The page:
The folks at LucasFilm certainly know how to build a buzz. Once again, the Internet is aflurry as "Star Wars" fans rush to download the second trailer for "Star Wars: The Phantom Menace." Just like the first trailer last November, the new two-minute "Star Wars" extravaganza was released to the Net on Thursday, a day before it is to be released in the theaters.
Meanwhile, over at the exhaustive fan site Countdown to Star Wars, a group of fans has put together an utterly irreverent spoof of the original "Phantom Menace" trailer. Called "Park Wars: The Little Menace," it is an exact cartoon replica of the trailer, using its original voices and much of its soundtrack -- but subbing "South Park" characters for the denizens of the movie. (Think Ike playing the part of Anakin Skywalker.)
"South Park" fans will recognize plenty of visual puns: There's a Cheesy Poof-eating Yoda, Mr. Hankey as a sea monster, flying school buses and even a token "they killed Kenny!" joke. Although the animators had no assistance from "South Park's" creators (or, for that matter, permission from them), the parody looks impressively like an actual "South Park" episode.
As the trailer jokes, "Every generation has a legend ... Every journey has a first step ... Every galaxy has a dirty little bastard."
-- Janelle Brown
SALON | March 12, 1999
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For sale: One wizard and 2 million pieces of gold
Anyone who has spent time playing the multiplayer role playing game Ultima Online can attest to just
how time-consuming building out your account can be -- assembling the
castles, characters, clothing and other digital detritus needed to be a
powerful player can take years. Fortunately, thanks to the wonders of eBay
and virtual capitalism, you no longer have to spend excruciating hours
developing your own account: You can simply purchase another player's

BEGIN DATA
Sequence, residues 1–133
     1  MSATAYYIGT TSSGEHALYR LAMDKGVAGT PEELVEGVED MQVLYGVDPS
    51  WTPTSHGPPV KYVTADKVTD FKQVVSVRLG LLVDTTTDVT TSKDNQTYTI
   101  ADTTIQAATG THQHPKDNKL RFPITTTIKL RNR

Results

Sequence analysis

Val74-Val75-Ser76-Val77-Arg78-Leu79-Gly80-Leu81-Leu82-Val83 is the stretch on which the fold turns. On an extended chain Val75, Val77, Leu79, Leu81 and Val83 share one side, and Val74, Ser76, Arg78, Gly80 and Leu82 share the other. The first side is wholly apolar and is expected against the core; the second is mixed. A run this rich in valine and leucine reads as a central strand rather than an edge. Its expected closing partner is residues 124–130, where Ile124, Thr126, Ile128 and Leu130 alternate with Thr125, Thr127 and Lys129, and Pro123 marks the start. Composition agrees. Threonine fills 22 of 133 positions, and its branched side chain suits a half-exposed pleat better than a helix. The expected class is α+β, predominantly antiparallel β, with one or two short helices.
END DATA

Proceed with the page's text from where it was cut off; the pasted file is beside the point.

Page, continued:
discarded account instead.
The "games" area of Ebay is now peppered with auctions hawking used Ultima Online accounts -- ranging from a modestly
valued account, offering a mere five characters, that is currently valued at
$20, to a grandiose account that's been bid up past $1,500 and
boasts eight characters, a castle, a smelting house, various weapons, 2
million pieces of gold and "the notorious horse dung."
Louie Ciaramello, for example, opened the auction for his 2-year-old
Ultima Online account at $300 -- the price, he says, of a DVD player he has
his eye on. Why would someone fork out that much cash for his account?
"Starting a new account is very time-consuming, it takes a while to build up
from nothing," he writes via e-mail, though he too seems a bit surprised by
the phenomenon: "I can't believe people are actually willing to pay $1,500 for a game. I guess it just shows how gaming can be an addiction just like drugs."
David Swofford, a spokesman for Ultima creator Origin Systems, says the
phenomenon seems to have started just a few weeks ago and has caught on like
wildfire. "We're pretty amazed, and certainly we think it's a
reflection of the passion that people have for this game and the excitement
it generates," he says. "It's also a reflection of how Ultima Online
parallels the real world -- people put value on virtual things and actions,
just like the real world. It's a capitalist society, you're free to see how
much you can get for things."
Many Ultima players appear to be selling off their accounts because they
are weary of the game or simply don't have time to play anymore. And the
emerging market for their accounts does seem to be a great opportunity for a
multitude of players: Although Origin Systems has sold 200,000 copies of the
game, only 125,000 accounts are active -- which means that 75,000 players